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Current Racism News and Events, Racism News Articles.
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Study tracks public concerns on Twitter about COVID-19
Twitter users initially didn't feel positive about the state of the economy, prevention, treatment and recovery concerning COVID-19. That changed by the end of March 2020. In contrast, throughout the period examined from January to May 2020, the public, in general, felt negative about the way the pandemic had been handled by political leadership. (2020-10-28)

Black Hispanic individuals hardest hit by COVID-19
Results from a new study led by Boston Medical Center (BMC) demonstrate the disproportionate impact of COVID-19 on Hispanic groups within the US, with the most severe outcomes, including death and intensive care, among Hispanic Black individuals. (2020-10-27)

1 in 12 parents say their teen has attended a demonstration about racism or police reform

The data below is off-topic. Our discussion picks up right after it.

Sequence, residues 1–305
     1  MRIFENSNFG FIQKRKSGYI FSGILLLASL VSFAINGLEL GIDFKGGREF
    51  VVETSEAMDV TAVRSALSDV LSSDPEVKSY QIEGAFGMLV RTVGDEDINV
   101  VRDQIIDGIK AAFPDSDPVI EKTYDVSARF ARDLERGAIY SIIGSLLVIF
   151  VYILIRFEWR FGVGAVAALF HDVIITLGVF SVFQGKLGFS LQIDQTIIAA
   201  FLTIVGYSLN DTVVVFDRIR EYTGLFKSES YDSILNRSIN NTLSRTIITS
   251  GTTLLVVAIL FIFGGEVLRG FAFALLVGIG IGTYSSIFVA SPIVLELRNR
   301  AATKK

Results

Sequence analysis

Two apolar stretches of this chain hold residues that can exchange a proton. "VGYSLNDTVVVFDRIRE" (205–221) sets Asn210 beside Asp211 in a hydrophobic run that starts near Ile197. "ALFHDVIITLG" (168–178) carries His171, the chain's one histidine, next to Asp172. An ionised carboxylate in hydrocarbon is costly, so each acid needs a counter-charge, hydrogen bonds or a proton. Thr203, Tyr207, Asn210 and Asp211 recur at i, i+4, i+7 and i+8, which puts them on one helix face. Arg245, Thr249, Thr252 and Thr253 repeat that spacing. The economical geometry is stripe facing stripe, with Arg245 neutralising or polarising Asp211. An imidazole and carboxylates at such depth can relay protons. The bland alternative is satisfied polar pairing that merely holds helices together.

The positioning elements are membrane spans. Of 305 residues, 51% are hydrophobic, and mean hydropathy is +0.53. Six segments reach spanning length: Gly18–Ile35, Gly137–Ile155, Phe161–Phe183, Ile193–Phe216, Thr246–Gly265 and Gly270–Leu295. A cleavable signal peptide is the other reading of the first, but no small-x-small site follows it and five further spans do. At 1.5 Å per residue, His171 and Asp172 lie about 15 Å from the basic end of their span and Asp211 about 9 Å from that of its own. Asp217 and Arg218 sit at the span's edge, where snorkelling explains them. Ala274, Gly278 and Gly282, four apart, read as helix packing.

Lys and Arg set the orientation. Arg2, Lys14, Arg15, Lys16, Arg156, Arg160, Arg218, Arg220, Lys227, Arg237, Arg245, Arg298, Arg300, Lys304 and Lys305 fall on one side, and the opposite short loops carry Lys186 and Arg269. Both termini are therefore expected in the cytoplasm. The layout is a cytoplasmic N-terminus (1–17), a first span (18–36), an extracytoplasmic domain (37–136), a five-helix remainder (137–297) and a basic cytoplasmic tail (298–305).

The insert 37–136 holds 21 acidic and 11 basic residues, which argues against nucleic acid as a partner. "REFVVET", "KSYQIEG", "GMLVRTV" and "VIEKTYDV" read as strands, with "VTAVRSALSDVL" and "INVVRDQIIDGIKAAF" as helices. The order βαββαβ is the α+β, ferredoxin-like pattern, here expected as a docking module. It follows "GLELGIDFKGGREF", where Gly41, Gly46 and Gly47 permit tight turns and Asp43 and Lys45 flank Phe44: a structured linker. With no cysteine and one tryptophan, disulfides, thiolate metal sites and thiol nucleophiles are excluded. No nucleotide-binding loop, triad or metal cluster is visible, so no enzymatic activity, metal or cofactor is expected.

A growing number of demonstrators taking to the streets to protest police brutality and racial injustice may include teenagers, a new national poll suggests. (2020-10-26)

When reproductive rights are less restrictive, babies are born healthier
American women living in states with less restrictive reproductive rights policies are less likely to give birth to low-birth weight babies, according to a new study in the American Journal of Preventive Medicine, published by Elsevier. The findings show that women, particularly US-born Black women, giving birth in states with less restrictive reproductive rights policies have a seven percent lower low-birth weight risk, compared to women in states with more restrictive policies. (2020-10-13)

Lack of diversity among cardiovascular health-care professionals continues
Despite working for more than two decades to address underrepresentation of women in cardiology, disparities among cardiovascular professionals continue to exist. Profound inequities also exist for individuals underrepresented in medicine, such as African Americans, Hispanic Americans and Native Americans, who constitute 32 percent of the U.S. population but only eight percent of practicing cardiologists (2020-10-13)

How scientific leaders can enact anti-racist action in their labs